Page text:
“2003 has been an utter disaster,” said Sachs, Columbia University’s professor of sustainable development and director of the Earth Institute. “It was a year in which almost every decent agenda in the world was overtaken by war, by the loss of life, by a failure to address impoverishment, disease and environmental degradation.”
Sachs expressed the hope that 2004 would bring a change in the global agenda in favor of addressing development issues.
“2004 must be a year in which the true global agenda is put back to where it should be,” he said.
In his lecture in Science Center D, co-sponsored by the Harvard AIDS Coalition and CollegeCorps, Sachs focused particularly on the moral prerogative of a developed country, like the U.S., to reduce life-threatening poverty.
“This is not poverty of the relative deprivation but poverty that is killing people,” said Sachs, who also serves as a special advisor to United Nations Secretary General Kofi Annan.
Sachs suggested that the Millennium Development Goals, eight goals developed by the United Nations to reduce global poverty, should be the guiding force behind development policy over the next 25 years.
“We have the means, we have the technology, the science and the opportunity and desperately the need to make a better set of arrangements around the world,” he said. “The millennium could be an opportunity for a break through of the quality of life on the planet and a chance for the poor to escape lives of hunger and impoverishment.”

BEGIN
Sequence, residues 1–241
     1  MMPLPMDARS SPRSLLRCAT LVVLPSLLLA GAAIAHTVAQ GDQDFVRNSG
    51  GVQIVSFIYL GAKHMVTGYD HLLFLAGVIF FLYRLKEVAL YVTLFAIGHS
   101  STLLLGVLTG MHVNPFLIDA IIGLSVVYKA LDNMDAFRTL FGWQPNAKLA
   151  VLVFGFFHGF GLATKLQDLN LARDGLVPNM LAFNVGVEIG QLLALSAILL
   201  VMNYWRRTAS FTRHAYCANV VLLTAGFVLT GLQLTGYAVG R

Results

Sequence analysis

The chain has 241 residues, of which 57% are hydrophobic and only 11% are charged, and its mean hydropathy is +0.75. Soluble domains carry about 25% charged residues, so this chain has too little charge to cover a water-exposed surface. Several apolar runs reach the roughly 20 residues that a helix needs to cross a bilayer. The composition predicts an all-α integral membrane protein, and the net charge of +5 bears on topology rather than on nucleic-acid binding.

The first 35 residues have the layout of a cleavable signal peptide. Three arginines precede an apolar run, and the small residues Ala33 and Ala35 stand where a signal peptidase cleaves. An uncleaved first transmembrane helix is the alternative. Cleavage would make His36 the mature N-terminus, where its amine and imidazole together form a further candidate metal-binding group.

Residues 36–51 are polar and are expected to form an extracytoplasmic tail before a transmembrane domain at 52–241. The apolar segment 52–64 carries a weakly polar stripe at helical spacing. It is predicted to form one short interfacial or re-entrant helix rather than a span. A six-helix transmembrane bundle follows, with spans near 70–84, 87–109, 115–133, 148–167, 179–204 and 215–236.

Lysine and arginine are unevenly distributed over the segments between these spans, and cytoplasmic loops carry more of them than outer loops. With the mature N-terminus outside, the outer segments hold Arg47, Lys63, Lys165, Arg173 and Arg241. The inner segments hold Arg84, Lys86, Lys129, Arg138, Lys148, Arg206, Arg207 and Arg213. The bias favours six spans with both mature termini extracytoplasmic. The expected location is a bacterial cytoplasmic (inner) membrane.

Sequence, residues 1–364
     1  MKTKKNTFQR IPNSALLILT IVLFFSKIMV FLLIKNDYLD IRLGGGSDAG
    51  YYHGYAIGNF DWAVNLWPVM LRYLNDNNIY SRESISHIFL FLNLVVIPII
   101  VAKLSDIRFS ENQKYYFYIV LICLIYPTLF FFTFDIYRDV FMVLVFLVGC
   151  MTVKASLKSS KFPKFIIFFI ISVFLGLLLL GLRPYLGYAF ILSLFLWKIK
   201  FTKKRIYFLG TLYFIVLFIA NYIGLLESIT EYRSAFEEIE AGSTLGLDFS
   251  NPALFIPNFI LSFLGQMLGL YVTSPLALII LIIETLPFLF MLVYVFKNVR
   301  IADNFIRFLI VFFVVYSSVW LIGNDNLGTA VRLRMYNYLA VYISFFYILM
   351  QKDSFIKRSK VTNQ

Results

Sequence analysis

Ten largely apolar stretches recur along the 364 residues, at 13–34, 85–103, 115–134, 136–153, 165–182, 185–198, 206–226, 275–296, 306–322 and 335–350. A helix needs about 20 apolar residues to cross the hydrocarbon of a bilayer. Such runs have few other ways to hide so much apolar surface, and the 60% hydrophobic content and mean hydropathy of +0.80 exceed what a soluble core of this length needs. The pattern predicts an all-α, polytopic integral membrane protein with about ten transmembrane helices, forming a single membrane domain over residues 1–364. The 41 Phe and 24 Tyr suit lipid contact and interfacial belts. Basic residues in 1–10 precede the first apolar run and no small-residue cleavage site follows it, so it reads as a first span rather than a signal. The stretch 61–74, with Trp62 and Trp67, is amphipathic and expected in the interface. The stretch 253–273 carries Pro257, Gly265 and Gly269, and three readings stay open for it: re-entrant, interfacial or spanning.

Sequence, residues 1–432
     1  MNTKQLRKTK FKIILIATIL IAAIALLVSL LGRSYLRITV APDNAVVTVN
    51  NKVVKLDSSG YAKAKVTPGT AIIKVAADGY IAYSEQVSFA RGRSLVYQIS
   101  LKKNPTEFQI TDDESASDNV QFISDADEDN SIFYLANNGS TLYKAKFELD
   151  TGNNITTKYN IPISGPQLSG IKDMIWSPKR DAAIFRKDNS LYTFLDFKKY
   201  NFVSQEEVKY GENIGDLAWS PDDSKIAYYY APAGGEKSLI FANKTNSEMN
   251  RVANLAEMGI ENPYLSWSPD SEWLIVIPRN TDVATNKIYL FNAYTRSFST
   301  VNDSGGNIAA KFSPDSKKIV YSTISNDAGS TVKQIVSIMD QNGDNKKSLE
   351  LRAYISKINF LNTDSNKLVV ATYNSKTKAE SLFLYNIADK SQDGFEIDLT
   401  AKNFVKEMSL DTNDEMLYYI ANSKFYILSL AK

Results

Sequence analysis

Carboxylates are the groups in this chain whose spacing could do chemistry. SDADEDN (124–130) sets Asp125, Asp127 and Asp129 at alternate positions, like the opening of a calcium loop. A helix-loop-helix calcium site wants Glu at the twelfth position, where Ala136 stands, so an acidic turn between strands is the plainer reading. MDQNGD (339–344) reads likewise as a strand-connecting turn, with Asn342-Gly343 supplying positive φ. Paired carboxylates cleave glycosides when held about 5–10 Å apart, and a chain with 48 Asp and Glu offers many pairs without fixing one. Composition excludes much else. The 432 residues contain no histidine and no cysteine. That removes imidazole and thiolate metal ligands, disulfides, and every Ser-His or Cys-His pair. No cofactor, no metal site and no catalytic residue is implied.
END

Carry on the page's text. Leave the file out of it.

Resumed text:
Sachs was not optimistic about the chances of success in achieving these development goals under the leadership of President Bush, directing his criticism toward the president’s vision of international cooperation.
“We are not the world,” Sachs said. “We think we’re fighting terrorism by terrorizing the world...We have a lot of ability to bomb places; we have no capacity to turn on the lights in Baghdad, and we have no capacity to run places.”
Focusing on international development assistance, Sachs ridiculed President Bush’s reluctance to fund programs in which the U.S. does not have complete control.
“That’s really a limiting vision of the world,” Sachs said. “That should scare the wits out of you.”
Despite his bleak outlook under the current administration, Sachs said that—with the right leadership—the alleviation of poverty and preventable disease by 2025 is a practical goal.
Students said that they came away from the lecture feeling hopeful about the potential for significantly reducing world poverty and disease in their lifetime.
“I didn’t realize how realistic the goals were,” said Amy R. Schoenfeld ’07. “He was truly inspiring.”